Unesco has announced its amended list at the 41st session of the World Heritage Committee meeting in Poland earlier this week.
The ‡Khomani Cultural Landscape has been listed as World Heritage site by Unesco. Picture: khomanisan.com
CAPE TOWN – The listing of the ‡Khomani Cultural Landscape as a World Heritage List adds weight behind preservation efforts of an ancient South African community.
The ‡Khomani San people, who live on a section of land at South Africa’s border with Botswana and Namibia, have been fighting for the protection of this space for decades.
The United Nations Educational, Scientific and Cultural Organization (Unesco) announced its amended list at the 41st session of the World Heritage Committee meeting in Poland earlier this week.
The ‡Khomani Cultural Landscape in the southern Kalahari Desert has been home to a few hundred people who have been able to survive the extreme weather conditions due to their intimate knowledge of the land.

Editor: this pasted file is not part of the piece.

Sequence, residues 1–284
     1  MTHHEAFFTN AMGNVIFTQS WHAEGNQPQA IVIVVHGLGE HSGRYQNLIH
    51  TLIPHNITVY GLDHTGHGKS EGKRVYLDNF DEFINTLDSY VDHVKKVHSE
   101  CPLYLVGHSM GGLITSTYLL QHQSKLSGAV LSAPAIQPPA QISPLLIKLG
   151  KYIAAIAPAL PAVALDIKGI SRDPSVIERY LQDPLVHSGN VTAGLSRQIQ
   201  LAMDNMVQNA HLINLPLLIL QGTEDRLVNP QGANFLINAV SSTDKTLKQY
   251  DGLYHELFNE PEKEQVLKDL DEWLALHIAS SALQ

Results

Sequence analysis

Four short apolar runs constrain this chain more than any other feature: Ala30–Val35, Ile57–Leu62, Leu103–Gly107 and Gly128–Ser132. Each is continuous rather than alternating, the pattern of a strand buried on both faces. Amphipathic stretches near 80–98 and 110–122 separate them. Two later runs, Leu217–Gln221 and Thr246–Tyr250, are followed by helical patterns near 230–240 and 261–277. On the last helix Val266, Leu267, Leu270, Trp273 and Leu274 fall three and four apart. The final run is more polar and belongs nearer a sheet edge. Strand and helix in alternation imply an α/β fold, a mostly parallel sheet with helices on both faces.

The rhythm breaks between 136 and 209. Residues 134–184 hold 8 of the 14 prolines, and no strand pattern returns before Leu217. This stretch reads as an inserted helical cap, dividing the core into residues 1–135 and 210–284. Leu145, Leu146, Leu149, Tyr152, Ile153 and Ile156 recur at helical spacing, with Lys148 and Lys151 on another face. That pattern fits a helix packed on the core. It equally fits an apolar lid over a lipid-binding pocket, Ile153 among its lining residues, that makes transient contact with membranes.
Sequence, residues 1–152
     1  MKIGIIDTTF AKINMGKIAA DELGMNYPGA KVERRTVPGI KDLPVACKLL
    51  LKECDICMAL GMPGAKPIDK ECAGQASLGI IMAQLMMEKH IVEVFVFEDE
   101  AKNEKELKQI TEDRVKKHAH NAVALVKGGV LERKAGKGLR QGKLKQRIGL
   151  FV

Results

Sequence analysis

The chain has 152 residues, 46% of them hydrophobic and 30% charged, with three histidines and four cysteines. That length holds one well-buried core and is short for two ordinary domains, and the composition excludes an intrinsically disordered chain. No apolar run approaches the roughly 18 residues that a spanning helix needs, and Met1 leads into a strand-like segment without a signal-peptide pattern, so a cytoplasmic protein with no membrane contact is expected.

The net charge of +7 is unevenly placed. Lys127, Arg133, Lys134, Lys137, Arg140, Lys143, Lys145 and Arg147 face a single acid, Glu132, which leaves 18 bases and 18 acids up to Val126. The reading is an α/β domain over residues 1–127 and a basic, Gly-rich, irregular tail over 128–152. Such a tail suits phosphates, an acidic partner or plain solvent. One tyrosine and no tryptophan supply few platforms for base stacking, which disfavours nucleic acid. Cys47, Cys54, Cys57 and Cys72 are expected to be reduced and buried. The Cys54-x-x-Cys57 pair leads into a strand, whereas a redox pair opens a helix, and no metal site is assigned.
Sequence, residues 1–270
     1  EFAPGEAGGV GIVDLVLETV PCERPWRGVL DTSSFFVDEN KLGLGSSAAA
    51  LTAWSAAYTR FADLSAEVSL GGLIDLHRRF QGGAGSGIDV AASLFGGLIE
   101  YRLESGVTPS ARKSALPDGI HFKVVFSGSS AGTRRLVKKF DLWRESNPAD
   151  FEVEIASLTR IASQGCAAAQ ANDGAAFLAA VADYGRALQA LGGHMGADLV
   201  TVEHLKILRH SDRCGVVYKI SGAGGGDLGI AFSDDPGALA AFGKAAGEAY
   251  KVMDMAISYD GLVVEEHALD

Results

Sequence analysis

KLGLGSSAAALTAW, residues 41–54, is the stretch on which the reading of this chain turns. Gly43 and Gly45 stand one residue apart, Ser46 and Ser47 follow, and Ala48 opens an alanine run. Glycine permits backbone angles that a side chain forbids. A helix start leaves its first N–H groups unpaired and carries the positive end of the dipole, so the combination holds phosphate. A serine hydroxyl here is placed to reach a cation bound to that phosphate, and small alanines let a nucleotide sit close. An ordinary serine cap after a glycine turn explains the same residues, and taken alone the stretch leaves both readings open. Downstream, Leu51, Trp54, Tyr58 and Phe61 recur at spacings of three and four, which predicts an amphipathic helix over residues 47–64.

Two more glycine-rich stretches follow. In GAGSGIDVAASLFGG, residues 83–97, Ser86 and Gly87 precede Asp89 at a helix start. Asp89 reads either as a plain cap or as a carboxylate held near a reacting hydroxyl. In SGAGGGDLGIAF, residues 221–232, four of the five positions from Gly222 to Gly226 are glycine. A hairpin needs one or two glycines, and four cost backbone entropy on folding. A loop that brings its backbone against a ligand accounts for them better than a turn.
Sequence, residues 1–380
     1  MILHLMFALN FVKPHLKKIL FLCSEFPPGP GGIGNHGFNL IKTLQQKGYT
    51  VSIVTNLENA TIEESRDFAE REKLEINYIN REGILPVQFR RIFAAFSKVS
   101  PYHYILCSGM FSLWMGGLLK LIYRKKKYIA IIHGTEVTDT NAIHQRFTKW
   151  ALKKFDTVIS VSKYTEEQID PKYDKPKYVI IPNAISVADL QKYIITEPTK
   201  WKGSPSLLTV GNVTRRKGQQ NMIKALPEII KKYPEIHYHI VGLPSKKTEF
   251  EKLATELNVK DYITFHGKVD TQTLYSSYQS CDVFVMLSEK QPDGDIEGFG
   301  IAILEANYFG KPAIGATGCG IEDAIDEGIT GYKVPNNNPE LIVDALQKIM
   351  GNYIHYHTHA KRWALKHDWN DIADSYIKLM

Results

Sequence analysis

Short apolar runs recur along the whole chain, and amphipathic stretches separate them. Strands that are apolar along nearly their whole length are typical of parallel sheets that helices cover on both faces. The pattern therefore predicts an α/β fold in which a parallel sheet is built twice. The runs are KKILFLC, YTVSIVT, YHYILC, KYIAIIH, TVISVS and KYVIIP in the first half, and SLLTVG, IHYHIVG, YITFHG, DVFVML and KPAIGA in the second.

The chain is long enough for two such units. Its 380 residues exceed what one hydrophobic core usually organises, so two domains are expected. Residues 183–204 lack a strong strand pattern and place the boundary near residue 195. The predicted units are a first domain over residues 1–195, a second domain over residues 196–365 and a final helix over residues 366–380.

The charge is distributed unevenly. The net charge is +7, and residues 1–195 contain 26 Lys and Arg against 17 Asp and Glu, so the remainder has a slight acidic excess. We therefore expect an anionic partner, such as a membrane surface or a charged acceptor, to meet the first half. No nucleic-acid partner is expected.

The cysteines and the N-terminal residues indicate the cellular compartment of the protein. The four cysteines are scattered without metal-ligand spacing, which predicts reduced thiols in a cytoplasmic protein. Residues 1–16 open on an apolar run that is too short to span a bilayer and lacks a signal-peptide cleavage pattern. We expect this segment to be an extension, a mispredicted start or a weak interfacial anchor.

The Environmental Affairs Department has welcomed Unesco’s decision to add it to the World Heritage List, saying it will support efforts to “boost the economic development of the area.
Bushman Council chairperson Oupa-Jan Pietersen says the recognition provides the ‡Khomani San people more opportunity to preserve their culture.
“Unfortunately there have been developments built over most of our ancestral land. So now we are given an opportunity to preserve our heritage and what is ours.”
The landscape in the Dawid Kruiper District Municipality covers the entire Kalahari Gemsbok National Park, stretching over 959,000 hectares.